Once published, the public will have at least 30 days to submit comments to TVA on the proposed rule amendments. TVA will review those comments, determine whether to make any edits, and then publish the Final Phase II Rule Amendments. The Final Rule will then become effective 30 days after publication in the Federal Register. 

In developing the proposed amendments, TVA worked with a stakeholder group representing various interests and viewpoints related to the use and management of floating cabins. The stakeholder group members included floating cabin owners, marina owners, federal and state regulatory agencies, anglers, local power companies and lake user associations. This group met several times between August 2017 to May 2018 to provide input on the development of health, safety and environmental standards, and future regulations.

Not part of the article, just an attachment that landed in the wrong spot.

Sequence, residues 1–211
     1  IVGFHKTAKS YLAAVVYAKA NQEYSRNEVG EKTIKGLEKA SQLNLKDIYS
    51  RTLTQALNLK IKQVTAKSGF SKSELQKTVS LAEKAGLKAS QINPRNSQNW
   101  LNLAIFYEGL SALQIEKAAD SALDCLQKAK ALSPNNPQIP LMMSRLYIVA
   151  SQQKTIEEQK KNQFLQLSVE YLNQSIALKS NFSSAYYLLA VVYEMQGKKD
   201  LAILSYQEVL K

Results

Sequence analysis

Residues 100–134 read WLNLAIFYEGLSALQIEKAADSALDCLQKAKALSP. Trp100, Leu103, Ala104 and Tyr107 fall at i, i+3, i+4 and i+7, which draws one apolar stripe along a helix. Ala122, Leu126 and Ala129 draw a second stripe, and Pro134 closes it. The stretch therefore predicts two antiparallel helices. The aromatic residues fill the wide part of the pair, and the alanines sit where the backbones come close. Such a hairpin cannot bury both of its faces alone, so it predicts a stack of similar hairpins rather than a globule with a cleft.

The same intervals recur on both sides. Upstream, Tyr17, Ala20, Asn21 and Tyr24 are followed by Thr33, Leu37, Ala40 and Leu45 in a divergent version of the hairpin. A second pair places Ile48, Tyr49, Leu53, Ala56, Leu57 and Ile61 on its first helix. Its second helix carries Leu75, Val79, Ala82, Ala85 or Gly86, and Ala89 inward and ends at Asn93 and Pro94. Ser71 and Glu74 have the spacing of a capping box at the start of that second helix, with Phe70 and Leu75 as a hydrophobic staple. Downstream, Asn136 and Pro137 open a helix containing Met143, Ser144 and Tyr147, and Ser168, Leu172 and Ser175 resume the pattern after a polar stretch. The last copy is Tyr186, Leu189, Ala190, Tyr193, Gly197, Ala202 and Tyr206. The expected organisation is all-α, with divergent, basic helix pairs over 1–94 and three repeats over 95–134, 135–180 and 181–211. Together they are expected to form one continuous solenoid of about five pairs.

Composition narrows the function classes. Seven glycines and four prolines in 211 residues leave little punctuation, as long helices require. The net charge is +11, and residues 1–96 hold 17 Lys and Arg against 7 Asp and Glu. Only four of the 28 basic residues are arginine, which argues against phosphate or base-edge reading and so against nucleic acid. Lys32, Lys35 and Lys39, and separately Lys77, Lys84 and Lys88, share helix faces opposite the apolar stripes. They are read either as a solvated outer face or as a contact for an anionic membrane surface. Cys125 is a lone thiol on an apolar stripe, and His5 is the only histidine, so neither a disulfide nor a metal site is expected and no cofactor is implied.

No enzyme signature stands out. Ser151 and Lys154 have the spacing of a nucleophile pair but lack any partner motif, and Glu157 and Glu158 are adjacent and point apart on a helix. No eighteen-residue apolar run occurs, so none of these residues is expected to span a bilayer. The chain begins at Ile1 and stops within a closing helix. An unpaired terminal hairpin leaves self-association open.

What you should do now until the final rules are effective:

  • Do not build any new floating cabins or expand existing floating cabins. TVA is not permitting new floating cabins nor any additions or expansions that did not exist before December 16, 2016.
  • Do not construct or acquire any attachments (decks, swim platforms, etc.) that have not been permitted to you by TVA.
  • Ensure your floating cabin is moored at the location shown on your permit. If you do not have a permit, ensure the floating cabin is within a marina harbor limit that contained floating cabins as of December 16, 2016. 
  • Do not relocate a floating cabin without TVA approval, except within the same marina harbor limit where the floating cabin existed on December 16, 2016.